On the list of office-related New Year’s resolutions, “get organized” is a popular item. While as discussed previously, I am against making resolutions and favor making goals since most people fail at resolutions, the end of the year is a terrific time to clear out the clutter and get organized.
The Benefits of Organization
Research has found that clutter can have negative effects on stress and anxiety levels, which hinders the ability to focus. Melissa Gratias, PhD, a productivity specialist with a background in industrial and organizational psychology suggests “to create a calmer atmosphere more conducive to dealing with stress, reserve your desk surface solely for things you use every single day. My favorite motivation to be organized comes from Dr Eva Selhub, M.D., author of Your Health Destiny: How to Unlock Your Natural Ability to Overcome Illness, Feel Better, and Live Longer: “When you’re organized at work, you’re more productive and efficient, which means you’re able to finish at a reasonable time and go home. This leaves you with the time you need to exercise, prepare a healthy meal, relax, and get more sleep.” (We will ignore the existence of last-minute deadlines that pop up or myriad other items that can disrupt this well-intentioned strategy.)
There are also non-verbal cues that clutter sends out. While some people believe that clutter is a sign of creativity, most literature points to your office as an extension of your personal appearance. A cluttered office could signal a cluttered mind. If you take care of your clothing and with your grooming, then it is generally best to apply that attention to the appearance of your office or workspace. Your coworkers will judge you based on your office. If you work at home or alone, being organized will de-stress you and perhaps make you feel more professional.
Whether you work at an office or at home, schedule (and yes, this means, sending yourself a calendar invite) a time dedicated to tidying up your office and setting up a system for 2020. Before you start your actual purging and organizing project, take a few days to pay attention to how you work and what items you use. Are you always searching for your glasses? You may want to assign them a place of honor on your desk. Here are some tips on how you can organize and increase your efficiency and productivity in the new year.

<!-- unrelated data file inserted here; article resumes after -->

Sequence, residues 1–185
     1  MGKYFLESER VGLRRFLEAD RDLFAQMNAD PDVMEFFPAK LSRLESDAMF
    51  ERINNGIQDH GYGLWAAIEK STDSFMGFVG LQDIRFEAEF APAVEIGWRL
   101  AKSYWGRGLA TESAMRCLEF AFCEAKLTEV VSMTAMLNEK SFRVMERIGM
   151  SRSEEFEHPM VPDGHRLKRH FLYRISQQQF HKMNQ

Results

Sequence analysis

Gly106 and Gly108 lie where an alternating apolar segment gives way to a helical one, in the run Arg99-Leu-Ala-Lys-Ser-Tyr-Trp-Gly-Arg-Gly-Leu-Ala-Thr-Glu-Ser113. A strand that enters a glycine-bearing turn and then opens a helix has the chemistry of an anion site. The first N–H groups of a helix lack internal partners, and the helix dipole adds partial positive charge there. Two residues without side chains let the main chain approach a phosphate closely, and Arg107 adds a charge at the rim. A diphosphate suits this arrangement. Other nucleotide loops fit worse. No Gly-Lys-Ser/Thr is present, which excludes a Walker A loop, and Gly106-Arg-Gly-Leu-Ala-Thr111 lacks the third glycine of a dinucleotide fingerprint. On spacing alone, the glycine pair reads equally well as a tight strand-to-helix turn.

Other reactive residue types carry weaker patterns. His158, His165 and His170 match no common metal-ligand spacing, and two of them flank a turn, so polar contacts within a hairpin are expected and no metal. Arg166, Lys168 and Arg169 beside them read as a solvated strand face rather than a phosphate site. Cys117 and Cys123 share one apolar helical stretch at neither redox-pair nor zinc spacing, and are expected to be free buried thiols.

Clean Your Desk
Step 1. Clear everything off your desk
Dust the surface and begin looking at the items you removed. Only items that you use every day should be on your desk within easy reach. This can include notebook, computer, pens, etc. Other items can be filed, returned to their rightful places and owners. You can also have items that remind of why you do what you do, which can include family photos.
Some people suggest a series of inboxes or standing folders to track hand off, file, read, waiting on response. I personally believe that these items are clutter collectors and you are better off with the Touch Once golden rule: Act, file, or discard. This behooves you to clean out file cabinets and discard old items that you will never use again, making sure to leave room in the file cabinets for new items. If you have a digital, paperless office, all the better, you can still use the act, file or discard rule, making sure you have clearly labeled files and folders so that you will be able to search for and find what you need. You can also use this organizing time to back up files to a physical drive or cloud.
Commit to organization as an ongoing project
You cannot organize once and then be done because then entropy and disorder will naturally follow. You will need to spend time somewhere between daily and weekly to keep things organized. Fifteen minutes at the end of the day can be spent filing, straightening your desk, making your to-do list for the next day, etc.
You can make Organization your mantra for 2020 and with a little effort, reap many rewards. Feel free to add your own tips for an organized new year in the comments.